After 17 years, Coca-Cola recently changed their slogan from "Open Happiness" to "Taste the Feeling," as part a new plan to globally unite the company's brands. As part of their new strategy, Coca-Cola's upcoming slogan and brand image aims to rely on the product itself as means of advertising. Namely, rather than approaching each individual Coca-Cola product with a different brand identity, the company will instead use a "one brand" approach, with all products featuring "Taste the Feeling" as their tagline.
In previous blog posts, we've discussed the power and finesse of Coca-Cola's branding strategy. From their use of creativity to their strong visual identity, Coca-Cola has been hitting the mark and engaging their audience for decades now. But what do branding experts think about their newest attempt at establishing a brand? Here's what they have to say:
Adam Padilla, CEO of consultancy Brandfire:
"From outside the industry, you look at a shift from 'Open Happiness' to 'Taste the Feeling,' and it doesn't seem like a huge shift really—but it really is. It's a philosophical shift [for Coca-Cola], and it ushers in a new era where de Quinto seems to be prepping Coca-Cola to make some bold moves."
While Padilla feels that "Open Happiness" certainly helped customers to "feel something," it took focus away from the product itself, in the bottle. He continues, "When you start to float too far away from your product offering, it gets too philosophical. ... 'Open Happiness' could be said about a lot of things, when you open anything. But when you talk about 'Taste the Feeling,' you have very strong connectivity with a feeling with Coke, and you also have the literal aspect of tasting it—the taste of happiness."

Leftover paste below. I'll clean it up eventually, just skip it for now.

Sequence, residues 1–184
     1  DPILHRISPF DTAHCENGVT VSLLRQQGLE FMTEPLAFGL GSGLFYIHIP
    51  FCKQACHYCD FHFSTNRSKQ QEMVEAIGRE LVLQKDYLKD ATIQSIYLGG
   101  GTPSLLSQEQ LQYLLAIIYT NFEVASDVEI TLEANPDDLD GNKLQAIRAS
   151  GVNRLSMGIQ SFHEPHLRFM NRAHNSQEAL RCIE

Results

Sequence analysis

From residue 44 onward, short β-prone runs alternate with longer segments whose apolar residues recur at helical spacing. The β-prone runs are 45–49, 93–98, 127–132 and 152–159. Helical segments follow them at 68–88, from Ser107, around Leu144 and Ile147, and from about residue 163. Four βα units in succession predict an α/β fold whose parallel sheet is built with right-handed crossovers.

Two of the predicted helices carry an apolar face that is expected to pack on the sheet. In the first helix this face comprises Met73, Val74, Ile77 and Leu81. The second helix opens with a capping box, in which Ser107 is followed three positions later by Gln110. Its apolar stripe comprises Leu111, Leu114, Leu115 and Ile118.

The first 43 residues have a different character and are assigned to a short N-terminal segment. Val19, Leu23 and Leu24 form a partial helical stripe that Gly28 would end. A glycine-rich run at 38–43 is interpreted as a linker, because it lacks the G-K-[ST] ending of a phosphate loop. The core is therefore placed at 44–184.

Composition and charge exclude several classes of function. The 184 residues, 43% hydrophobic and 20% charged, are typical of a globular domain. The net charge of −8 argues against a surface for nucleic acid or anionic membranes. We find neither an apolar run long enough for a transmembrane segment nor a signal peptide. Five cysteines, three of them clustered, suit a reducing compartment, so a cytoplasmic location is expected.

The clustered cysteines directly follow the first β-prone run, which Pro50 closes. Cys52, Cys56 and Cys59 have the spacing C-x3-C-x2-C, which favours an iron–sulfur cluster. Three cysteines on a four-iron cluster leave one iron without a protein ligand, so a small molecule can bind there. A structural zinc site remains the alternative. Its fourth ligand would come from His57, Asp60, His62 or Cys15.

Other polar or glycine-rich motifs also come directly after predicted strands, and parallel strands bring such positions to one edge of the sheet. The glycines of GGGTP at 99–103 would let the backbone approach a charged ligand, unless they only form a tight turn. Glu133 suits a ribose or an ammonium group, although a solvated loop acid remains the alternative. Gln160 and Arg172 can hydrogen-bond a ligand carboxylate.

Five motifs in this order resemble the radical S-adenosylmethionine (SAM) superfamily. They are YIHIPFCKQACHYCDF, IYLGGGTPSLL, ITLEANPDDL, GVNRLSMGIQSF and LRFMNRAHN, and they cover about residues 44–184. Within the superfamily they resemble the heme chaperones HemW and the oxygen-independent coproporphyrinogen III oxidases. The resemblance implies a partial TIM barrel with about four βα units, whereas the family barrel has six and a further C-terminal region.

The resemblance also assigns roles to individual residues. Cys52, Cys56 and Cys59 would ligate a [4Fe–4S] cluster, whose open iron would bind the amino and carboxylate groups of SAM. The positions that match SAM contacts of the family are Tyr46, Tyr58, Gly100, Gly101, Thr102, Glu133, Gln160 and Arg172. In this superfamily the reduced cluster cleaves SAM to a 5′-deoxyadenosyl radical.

Erich Joachimsthaler, CEO and founder of Vivaldi Partners Group:
"The more you intellectualize and conceptualize what Coke is all about, [the more you move away from the product]," said Joachimsthaler. "What Coke is doing now is bringing it back and saying, at the end of the day, Coke is still a refreshment."
Indeed, what Padilla and Joachimsthaler both agree upon one thing: first impressions matter. And whether it's your product slogan or website, you need to make first impressions count. According to recent stats, you only have seconds to grab a customer's attention in the store or online. If your brand image and product packaging don't communicate the message -- namely, the product -- then you might lose some audience members before you get a chance to earn their loyalty.
Additionally, their slogan switch provides a universality and equity to their brand image that is wont to attract more millennial customers. Their attentiveness to global unity is a big step to servicing a more global customer, and stats show that 76% of customers feel that customer service is the true test to brand loyalty.
What do you think of Coca-Cola's new slogan? Let us know in the comments below?